That pistol grip is actually an accessory that comes with the Mossberg 500 in the box. Not only is it silly, it's woefully uninformed.

I installed the grip on mine, but after actually shooting it (felt like it nearly broke my hand), I went looking for something better. This is what I came up with. Très content. For the record, my personal intent is "hot double-aught leaded death to home invaders".

9:16 PM  
Anonymous gamachinist said...

If it would fire while concealed inside the Super Soaker, then it would fall under the NFA of 1934 as an aow ( any other weapon ).
If it had to be removed to fire, then it's pretty much legal under federal law ( as long as the barrel is 18 inches and the over all length is over 26 inches), just as a gun inside a briefcase that has to be removed to fire it.

I agree, the intent doesn't matter as far as the pistol grip is concerned.

There may be other state laws concerning storage and transportation that were violated ( not in a locked case, etc.).

9:25 PM  
Anonymous carbonblack said...

They can be peace officers in the classic "serve and protect" or they can be "law enforcement" with all that implies. There is sad to say no in between.

9:51 PM  
Anonymous Anonymous said...

JesterToo is 100% correct. Many states/municipalities do have laws on the books against "concealing" a firearm inside a sleeve or other cover where only the grip and trigger are exposed. (vs. a "normal" holster where the area for the trigger prevents it from being fired when holstered)

This "wallet" is asking for trouble. Intent is not really a legal reason in this case. Its against the law where I live.

Sounds like the LEO had no idea what he was really talking about, but, only knew enough to be "dangerous".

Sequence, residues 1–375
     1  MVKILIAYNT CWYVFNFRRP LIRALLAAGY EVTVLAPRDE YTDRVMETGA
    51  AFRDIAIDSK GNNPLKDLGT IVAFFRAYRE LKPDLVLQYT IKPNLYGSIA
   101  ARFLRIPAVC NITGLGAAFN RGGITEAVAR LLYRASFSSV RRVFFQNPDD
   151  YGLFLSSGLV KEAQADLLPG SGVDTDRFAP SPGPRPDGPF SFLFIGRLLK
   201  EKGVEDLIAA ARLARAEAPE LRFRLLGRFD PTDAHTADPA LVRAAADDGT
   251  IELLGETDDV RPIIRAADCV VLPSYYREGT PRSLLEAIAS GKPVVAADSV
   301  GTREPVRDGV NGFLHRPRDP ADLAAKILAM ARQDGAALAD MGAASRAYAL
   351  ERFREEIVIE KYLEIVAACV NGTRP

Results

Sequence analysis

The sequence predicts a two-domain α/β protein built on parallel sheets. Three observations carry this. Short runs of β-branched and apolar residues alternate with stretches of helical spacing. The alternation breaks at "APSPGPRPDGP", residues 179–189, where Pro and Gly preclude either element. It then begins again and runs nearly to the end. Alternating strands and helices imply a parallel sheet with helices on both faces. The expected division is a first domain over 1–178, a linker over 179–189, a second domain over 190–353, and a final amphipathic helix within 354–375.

10:30 PM  
Blogger Atl-LowKey said...

The comment that stbaguley made "Intent as such is important, yes but only clearly defined actions which cause actual harm should be allowed to be banned by law" is true. However even Hollywood has taken to Examples like that seen in the movie CROSSING OVER where the view of lightly defined actions are enough for deportation or arrest in this country now.

We must keep in mind that laws such as altering guns are petty when compared to the freedoms which are being taken from us. Free speech I fear will be something for the History books if we continue down this path.

Our right to these firearms which draw us to these blogs of Xavier will be taken from us again like with the Flood victims. They are waiting for an excuse.

Just another guy in Retail


12:32 AM  
Blogger Kristophr said...

JesterToo: yep.

AOW is the catchall for caneguns, and other wierdness, as well as purpose designed short shotties.

If it doesn't look like a gun while firing it's an AOW.

That supersoaker/mossberg combo would be perfectly legal if the owner filled out a corporate or trust form 1, and paid the $5 tax.

2:28 AM  
Anonymous WW Paul said...

I too am afraid that we letting go of freedom and liberty, and it bothers me. I picture my grandaughter's children looking at my picture and asking why I let it happen.

5:35 AM  
Blogger Divemedic said...

Actually, the term AOW does not fit here. The law defines an AOW as:

(e) Any other weapon
The term “any other weapon” means any weapon or device capable of being concealed on the person from which a shot can be discharged through the energy of an explosive, a pistol or revolver having a barrel with a smooth bore designed or redesigned to fire a fixed shotgun shell, weapons with combination shotgun and rifle barrels 12 inches or more, less than 18 inches in length, from which only a single discharge can be made from either barrel without manual reloading, and shall include any such weapon which may be readily restored to fire. Such term shall not include a pistol or a revolver having a rifled bore, or rifled bores, or weapons designed, made, or intended to be fired from the shoulder and not capable of firing fixed ammunition.

Since this weapon cannot be concealed "on the person" I don't think it fits.

1:43 PM  
Blogger TheBronze said...

Your Cop-friend Michael needs to go back to the Academy and brush up on the law.

1:59 PM  
Anonymous Anonymous said...

Whether the ruling regarding the pistol "wallets" is right or wrong, its accepted case law at this point until it is succesfuly challenged.